I’ve been exploring the Calapooyas of late, and a couple of days ago I went to Skipper Lakes on the south side of the Calapooya crest at the base of Balm Mountain, less than 3 air miles south of Loletta Lakes where I was a few days before. The lakes themselves weren’t nearly as productive, and the area around them not nearly as wet as I expected, but I did find some unusual things. Not so surprisingly, given the close proximity to Loletta Lakes where I just discovered it, I found 2 separate areas of Oxypolis occidentalis. Also Geranium richardsonii in fading bloom, Horkelia fusca, loads of Stellaria obtusa (also some S. crispa and S. borealis, they’re popping up everywhere now that I’m paying attention). There was also quite a bit of Ribes erythrocarpum in fruit. I noticed a specimen from there on the OFP Atlas but have not found any other list for Skipper Lakes. It’s hard to imagine that the Roseburg Herbarium ladies didn’t do a list for this pretty trail. I didn’t think they missed much.It must be beautiful earlier in the season near the south trailhead as it was filled with Balsamorhiza deltoidea, Linum lewisii, and Ipomopsis aggregata. The big trees in the woods are nice too. It looks like a lot of incense cedars are crowding the openings however. It’s a nice trail, too bad it requires so many miles of gravel.
I’ve been waiting all summer to get back to exploring the Calapooyas, so yesterday I went up Coal Creek Road to Bradley Lake and Loletta Lakes. Most of this is in Douglas County, but it is all on the north side of the Calapooya crest and in the Willamette National Forest (just barely). They really ought to have run the county line along the Calapooya Divide.
I made a couple of quick detours on my way up to check on the Piperias. Youngs Flat Picnic Area was filled with people camping, but luckily they seem to be leaving the woods on the north side alone. The Piperia elongata are still blooming pretty well, although past peak. I also checked the woods across from Mutton Meadow where I’d seen about 30 Piperia plants in the spring. I managed to find 5 flower stalks. Only 2 had any flowers left. I’m pretty sure they’re P. transversa as they looked white with straight spurs. It also makes sense because they start blooming a bit earlier than elongata, so should be farther along than the P. elongata at nearby Youngs Flat.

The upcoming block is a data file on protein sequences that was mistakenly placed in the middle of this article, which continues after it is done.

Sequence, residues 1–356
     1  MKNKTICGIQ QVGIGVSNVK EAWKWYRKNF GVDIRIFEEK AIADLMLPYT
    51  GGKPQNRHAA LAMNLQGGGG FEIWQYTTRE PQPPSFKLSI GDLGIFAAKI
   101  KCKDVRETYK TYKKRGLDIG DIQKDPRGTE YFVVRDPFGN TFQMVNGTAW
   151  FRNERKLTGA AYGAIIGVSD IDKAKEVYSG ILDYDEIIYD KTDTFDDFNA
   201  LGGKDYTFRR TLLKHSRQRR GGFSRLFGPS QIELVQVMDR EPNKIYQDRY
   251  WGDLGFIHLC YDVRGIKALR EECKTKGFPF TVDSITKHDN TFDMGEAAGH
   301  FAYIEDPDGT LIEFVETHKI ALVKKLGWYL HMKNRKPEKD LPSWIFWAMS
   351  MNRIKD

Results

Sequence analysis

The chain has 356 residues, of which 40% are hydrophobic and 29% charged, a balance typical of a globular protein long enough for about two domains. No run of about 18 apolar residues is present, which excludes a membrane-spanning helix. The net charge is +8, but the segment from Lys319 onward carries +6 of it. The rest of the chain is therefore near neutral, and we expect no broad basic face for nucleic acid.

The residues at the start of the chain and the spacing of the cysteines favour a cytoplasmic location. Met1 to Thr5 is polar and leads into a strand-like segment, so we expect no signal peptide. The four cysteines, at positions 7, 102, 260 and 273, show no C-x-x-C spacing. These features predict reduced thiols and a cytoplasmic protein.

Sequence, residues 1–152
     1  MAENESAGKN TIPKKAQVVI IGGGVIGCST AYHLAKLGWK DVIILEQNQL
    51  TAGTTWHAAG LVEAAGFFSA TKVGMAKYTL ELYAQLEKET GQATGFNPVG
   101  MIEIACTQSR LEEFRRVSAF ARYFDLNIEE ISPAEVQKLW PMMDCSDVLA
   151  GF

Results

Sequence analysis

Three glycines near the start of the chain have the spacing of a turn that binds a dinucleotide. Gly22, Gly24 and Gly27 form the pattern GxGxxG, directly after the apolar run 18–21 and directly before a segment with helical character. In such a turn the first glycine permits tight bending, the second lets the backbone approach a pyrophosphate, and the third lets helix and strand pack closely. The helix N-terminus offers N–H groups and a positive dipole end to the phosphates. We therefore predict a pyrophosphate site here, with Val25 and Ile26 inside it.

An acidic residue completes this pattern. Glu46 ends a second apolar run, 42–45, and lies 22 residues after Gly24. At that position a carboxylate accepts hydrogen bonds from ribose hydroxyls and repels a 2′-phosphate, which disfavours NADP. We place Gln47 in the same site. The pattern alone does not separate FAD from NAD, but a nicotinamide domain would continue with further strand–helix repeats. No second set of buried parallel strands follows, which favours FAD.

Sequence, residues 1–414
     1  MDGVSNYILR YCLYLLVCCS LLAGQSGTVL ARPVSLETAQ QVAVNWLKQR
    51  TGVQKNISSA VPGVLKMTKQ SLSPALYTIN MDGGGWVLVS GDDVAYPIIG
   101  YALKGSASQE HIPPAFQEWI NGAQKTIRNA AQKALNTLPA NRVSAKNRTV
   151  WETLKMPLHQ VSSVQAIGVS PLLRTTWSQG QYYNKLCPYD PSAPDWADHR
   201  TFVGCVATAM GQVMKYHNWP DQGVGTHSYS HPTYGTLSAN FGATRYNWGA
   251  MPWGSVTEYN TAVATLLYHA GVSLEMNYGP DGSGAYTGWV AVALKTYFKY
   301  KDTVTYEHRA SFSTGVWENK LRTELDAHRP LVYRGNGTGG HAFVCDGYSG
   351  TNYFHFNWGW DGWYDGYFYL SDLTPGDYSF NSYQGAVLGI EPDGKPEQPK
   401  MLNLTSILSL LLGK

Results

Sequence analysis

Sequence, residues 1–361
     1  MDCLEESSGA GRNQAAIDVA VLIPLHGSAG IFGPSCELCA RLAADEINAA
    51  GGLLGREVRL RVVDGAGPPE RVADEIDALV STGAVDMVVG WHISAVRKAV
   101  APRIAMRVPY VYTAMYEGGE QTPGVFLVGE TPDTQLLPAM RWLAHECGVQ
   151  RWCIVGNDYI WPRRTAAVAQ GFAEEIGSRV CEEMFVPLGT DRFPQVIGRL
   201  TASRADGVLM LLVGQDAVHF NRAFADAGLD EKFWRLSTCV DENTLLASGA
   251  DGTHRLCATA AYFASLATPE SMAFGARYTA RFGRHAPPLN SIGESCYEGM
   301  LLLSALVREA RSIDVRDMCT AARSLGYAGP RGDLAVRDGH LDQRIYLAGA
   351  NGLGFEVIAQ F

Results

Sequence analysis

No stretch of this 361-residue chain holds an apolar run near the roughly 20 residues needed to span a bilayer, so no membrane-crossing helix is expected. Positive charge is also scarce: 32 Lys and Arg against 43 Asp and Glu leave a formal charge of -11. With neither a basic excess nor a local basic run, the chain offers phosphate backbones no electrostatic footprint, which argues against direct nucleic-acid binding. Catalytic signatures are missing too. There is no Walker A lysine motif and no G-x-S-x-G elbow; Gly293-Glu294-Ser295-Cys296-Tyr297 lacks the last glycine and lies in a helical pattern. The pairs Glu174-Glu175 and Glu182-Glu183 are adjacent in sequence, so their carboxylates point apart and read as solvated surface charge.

When John and I went up Coal Creek Rd in early July, the road was a bit of a mess, lots of branches and rocks. Looks like the road has been cleaned up and even graded. I was thrilled about this until I got up to the base of the cliffs where the Epilobium luteum was in full bloom. It looks like they pushed some of the gravel right into the wet ditch and scraped some of the ditch as well. There were slashed branches. There’s still a lot of good habitat, but this is really upsetting. I don’t know what the official status of Epilobium luteum is, but this is probably the biggest population I’ve seen, and there are loads of other pretty things like Claytonia cordifolia in there. I hate to see them buried in dirt. I’m also concerned about messing with the water flow all these plants depend upon.